Before getting to the game, I want to repeat something I said on Twitter. I am a Ronnie Woodard stan. She offered that rare commodity to soccer color commentary - i.e., talking cause, effect, and on-field mechanics, stuff it’s easy to miss when you’re watching through a screen - and with a quiet confidence. It’s something you don’t even know you miss after 20 years of listening to, say, a clown like Alexi Lalas express his love for set-pieces. To give just one example, she praised the play of FC Cincinnati’s centerbacks, Dekel Keinan and Forrest Lasso, on the way to damning Emanuel Ledesma, Danni Konig and Nazmi Albadawi for failing to defend enough. Basically, the lack of defense from the forwards made it easier for Nashville SC to find their attacking players in front of FC Cincinnati’s defense, and that put the latter under pressure for most of the night.

She could be wrong, but I still felt smarter. With that out of the way, I want to focus on another in-game comment from the broadcast booth, one pulled from some domestic soccer publication and with regard to FC Cincinnati:

“One of the most impressive teams ever assembled for a lower division American soccer club.”

To flip the script, what does that say about Nashville SC? The home team owned the balance of play and chances in last night’s 0-0 draw between these two teams - or at least until the final 10 minutes. If you go to this game’s “Match Center” (which is pretty one-stop shopping; check there for highlights) and to the “Distribution” tab under Team Stats, you will find the buried treasure…

…sorry, kidding. To give them credit, the USL website arguably puts up more complete data than Major League Soccer’s, but it takes a road map, plus a couple secret handshakes to find it. Back to the game…

Monday, July 2, 2018

FC Cincinnati 2-0 Ottawa Furr...shit, Fury: Good Ruler, Terrible Context


Another layer of meaning? Are you fucking kidding?!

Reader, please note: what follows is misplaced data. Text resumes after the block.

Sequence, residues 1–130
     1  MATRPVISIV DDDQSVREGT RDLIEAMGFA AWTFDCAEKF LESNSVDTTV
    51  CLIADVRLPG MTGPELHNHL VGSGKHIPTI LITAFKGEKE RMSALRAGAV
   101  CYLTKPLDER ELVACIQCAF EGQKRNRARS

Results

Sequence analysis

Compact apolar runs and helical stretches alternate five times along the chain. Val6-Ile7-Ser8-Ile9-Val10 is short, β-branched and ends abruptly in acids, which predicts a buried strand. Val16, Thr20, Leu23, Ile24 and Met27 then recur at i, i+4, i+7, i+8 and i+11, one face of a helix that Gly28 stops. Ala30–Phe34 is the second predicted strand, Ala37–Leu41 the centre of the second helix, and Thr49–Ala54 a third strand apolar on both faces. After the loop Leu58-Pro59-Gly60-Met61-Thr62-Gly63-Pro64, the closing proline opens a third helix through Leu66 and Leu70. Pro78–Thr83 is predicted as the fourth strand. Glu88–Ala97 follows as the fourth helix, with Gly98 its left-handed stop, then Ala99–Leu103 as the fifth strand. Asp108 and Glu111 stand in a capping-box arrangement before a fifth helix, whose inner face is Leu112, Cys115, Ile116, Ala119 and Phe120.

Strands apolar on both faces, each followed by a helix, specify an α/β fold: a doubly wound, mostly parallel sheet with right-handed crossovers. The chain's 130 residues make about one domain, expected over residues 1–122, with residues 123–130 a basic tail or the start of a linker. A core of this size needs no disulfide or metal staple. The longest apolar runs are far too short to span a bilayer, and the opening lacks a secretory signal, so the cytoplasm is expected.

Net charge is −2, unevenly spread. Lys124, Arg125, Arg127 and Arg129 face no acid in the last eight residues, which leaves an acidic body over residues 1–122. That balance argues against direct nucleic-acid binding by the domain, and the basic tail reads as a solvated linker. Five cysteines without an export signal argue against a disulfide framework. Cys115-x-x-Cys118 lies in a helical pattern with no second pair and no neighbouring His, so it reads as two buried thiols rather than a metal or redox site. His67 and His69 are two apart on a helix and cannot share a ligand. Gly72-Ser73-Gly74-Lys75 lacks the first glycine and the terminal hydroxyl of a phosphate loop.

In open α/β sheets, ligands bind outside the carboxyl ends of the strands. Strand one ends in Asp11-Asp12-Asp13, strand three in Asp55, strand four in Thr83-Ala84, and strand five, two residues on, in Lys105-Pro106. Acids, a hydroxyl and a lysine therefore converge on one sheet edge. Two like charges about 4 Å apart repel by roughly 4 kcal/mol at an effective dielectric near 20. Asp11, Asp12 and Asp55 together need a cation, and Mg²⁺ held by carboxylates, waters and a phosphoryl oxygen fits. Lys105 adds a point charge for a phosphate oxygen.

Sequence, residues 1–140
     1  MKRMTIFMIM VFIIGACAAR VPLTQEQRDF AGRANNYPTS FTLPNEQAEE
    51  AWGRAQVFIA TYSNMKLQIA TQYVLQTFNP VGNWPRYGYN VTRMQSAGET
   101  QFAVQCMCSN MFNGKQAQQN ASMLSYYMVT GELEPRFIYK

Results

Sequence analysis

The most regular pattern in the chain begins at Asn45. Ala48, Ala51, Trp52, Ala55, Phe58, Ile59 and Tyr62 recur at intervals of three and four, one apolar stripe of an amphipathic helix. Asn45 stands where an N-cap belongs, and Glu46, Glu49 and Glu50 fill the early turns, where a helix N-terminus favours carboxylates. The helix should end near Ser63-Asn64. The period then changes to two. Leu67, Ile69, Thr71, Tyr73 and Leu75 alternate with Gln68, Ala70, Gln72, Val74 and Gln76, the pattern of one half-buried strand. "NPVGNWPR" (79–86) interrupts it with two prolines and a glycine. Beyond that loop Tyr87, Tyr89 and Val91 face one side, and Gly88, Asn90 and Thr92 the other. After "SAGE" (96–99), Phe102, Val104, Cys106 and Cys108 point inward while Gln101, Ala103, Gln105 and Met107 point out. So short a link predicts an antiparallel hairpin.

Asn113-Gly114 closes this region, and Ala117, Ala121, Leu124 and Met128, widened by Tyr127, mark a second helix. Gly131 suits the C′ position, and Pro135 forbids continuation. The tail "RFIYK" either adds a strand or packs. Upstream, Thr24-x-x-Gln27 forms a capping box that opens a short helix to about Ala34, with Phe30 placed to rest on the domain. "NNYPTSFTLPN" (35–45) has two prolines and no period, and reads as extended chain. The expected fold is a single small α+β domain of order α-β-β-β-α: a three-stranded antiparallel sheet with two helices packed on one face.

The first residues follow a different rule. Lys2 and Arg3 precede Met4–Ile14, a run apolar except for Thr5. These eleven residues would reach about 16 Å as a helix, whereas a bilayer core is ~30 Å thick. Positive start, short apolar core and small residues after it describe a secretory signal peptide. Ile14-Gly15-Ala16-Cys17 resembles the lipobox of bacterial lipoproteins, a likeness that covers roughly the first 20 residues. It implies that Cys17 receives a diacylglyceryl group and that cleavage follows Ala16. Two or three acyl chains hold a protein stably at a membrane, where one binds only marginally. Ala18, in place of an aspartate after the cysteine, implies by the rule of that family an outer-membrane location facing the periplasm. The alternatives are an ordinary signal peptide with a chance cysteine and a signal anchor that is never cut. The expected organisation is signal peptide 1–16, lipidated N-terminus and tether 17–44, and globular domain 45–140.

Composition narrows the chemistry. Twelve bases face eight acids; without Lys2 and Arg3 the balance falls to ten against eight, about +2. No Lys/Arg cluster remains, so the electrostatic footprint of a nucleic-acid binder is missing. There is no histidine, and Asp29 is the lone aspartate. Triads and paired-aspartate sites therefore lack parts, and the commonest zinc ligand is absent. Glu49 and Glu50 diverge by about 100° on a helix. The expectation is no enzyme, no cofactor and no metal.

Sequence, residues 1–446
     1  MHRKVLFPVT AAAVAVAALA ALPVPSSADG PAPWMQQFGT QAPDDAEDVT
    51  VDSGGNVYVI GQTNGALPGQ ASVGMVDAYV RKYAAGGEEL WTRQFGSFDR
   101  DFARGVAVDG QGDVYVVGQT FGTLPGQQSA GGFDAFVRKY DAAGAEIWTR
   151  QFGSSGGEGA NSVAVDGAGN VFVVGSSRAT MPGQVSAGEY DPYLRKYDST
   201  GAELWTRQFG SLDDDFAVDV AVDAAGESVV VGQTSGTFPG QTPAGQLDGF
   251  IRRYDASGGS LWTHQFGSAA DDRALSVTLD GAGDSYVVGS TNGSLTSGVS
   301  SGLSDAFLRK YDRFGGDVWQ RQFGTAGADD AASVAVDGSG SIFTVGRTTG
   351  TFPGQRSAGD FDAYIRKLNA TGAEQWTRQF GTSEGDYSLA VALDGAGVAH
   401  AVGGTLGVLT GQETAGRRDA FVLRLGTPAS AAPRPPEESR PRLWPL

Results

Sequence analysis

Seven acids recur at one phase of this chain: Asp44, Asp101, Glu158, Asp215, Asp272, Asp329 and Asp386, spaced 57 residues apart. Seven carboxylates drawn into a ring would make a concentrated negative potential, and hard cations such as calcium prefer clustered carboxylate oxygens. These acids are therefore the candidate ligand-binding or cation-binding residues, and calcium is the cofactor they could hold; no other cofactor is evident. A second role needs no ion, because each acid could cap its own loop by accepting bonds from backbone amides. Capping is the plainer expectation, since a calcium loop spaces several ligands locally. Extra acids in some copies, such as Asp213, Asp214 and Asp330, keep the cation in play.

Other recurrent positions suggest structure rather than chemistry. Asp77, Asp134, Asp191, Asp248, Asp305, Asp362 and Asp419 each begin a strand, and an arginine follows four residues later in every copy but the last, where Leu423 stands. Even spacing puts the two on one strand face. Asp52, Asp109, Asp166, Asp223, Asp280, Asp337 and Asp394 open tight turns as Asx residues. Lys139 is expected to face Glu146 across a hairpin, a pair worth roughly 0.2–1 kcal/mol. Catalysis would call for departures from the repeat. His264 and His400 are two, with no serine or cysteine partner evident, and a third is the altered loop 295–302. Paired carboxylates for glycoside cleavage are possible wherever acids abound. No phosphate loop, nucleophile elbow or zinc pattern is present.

Watching the replay of FC Cincinnati’s 2-0 win over the visiting Ottawa Furry…crap, Fury, begged more questions than it answered. Again, knowing as little as I do about the USL Mark 4.0 (maybe?) makes this project a little like staring at a ruler, only with no idea what it’s measuring. That said, based on the replay, and a growing body of FC Cincy games, I feel confident with the following statements:

Cincinnati clearly looked the better team, but not a dominant one; I described their first half as “a game of fitful probing.” That had everything to do with Ottawa’s defense, a compact organized bolus that tangled up just about everything anyone tried to move through it. That’s their M.O., according to the booth - playing compact and countering down Route One - but, with a losing score-line and a half-time pep-talk blowing a breeze up their backsides (maybe), Ottawa tried to play a little in the second half. That step improved the game more than Ottawa’s chances, with their best chance (from eight shots? when??) coming when team captain/avatar, Carl Haworth, nearly walked in a goal early in the second half. Ottawa is a goal-a-game kind of team - one of those pertinent details one can only find by piercing a layer of mysterious veils on the USL's official website (gateway to Ottawa/hell) - and it showed. Still, I upgraded them from “just no fucking idea what they’re doing” to…well, this, I suppose:

“Who is Cincy? When have I seen them on their game? When off? No sense that Cincy will seize the game and run away with it.”
Even if I barely remember what that meant, it feels pretty fair. That said, one thing I have noticed about Cincinnati is that they tend to find the game all at once - i.e., after 15-20 minutes of half-hopeless dicking around, they sneak in a half-chance, then, two, three minutes later, they put a better-than-hopeful shot in goal. They score more often than not too, nearly two goals a game. Hold on, need to back-track a bit for another note…